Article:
Thanks Mack! This was really timely for me...we're in the process of building a formal program and this had some great ideas I can use right away.

  • by Mack Collier Mon Apr 15, 2013 via web

    Hi Rosemary! Glad the article was helpful, if you need any more help feel free to email me at mack.collier@gmail.com.

  • by Richard Dumas Mon Apr 15, 2013 via web

    Nice article Mark. There are some great community tools out there to help companies implement the strategies you suggest. At the high end there are products like Jive and Lithium and for the mid tier Get Satisfaction and DNN Social (one of my former projects) that enable organizations to add community functionality to their sites making it easier to identify and enable fans.

    Richard (richarddumas.com)

  • by Mari Baskin Mon Apr 15, 2013 via web

    Your headline grabbed me the instant I read it, Mack. We've learned that although our fans come in a variety of shapes and sizes their fan-rapture is interestingly homogeneous. As we redesign our site it's now up to us to implement your tips to better empower and embrace our fans. Thanks for a very useful article, especially your example for "the bigger idea."

  • by Mike Camplin Mon Apr 15, 2013 via web

    Great article, Mack. I ran a developer relations "fan" program for Kodak in the 90's for software develepors that influenced or purchased 40% of Kodak's digital cameras using many of the techniques you describe. Similar to your recommendation, we focused on the benefits our software "fans" mentioned in focus groups rather than the cameras themselves. The results speak for themselves. The program returned ROIs of 2-300%.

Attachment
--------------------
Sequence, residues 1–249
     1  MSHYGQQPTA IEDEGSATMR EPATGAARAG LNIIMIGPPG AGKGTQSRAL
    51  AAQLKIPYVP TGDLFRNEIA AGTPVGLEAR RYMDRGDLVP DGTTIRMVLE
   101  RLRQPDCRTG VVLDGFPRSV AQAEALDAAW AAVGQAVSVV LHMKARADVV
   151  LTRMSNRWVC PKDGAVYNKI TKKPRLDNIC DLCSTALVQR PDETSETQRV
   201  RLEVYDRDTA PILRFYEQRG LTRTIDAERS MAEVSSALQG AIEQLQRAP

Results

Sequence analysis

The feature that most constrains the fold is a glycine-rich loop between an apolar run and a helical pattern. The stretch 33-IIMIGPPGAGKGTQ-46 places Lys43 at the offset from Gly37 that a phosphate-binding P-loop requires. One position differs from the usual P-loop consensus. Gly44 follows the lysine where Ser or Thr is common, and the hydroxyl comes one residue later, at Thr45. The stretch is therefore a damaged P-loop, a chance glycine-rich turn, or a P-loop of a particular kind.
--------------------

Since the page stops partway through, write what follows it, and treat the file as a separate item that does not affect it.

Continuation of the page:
• by Kris P. Mon Apr 15, 2013 via web

    Solid points, Mack. I've also had experience finding a group of passionate people around a brand to leverage an outreach strategy. It is honestly one of the most successful jump off points for a brand's social media strategy. Often times engagement with fans/follower is not about what the product is and does, but what that small group of passionates can do with it.

  • by Mack Collier Mon Apr 15, 2013 via web

    Thank you Mari, glad you liked the headline!

    Mike can you please email me at mack.collier@gmail.com? I would love to hear more about the program you were involved in with Kodak. LOVE how you focused on the benefits of using the product vs the product itself! I am always looking for case studies like this so I'd love to hear any additional information you are willing to share.

    So glad y'all are enjoying the article. This is a topic I am extremely passionate about because I believe when a brand understands and embraces its fans, it not only greatly improves the quality of its marketing (lower costs, raising effectiveness), but it also creates a much better experience for its customers, which drives up loyalty and increases sales!

  • by Great article! Tue Apr 16, 2013 via iphone

    Spot on! Identifying your real fans and who they are and what they love is so important and also a tremendous challenge. I sell a product that has a number of different types of Customers.. Trying to speak to them all has been a bust... Would love to discuss this with you if you have a few extra minutes... Thanks for your help!

  • by Mack Collier Tue Apr 16, 2013 via web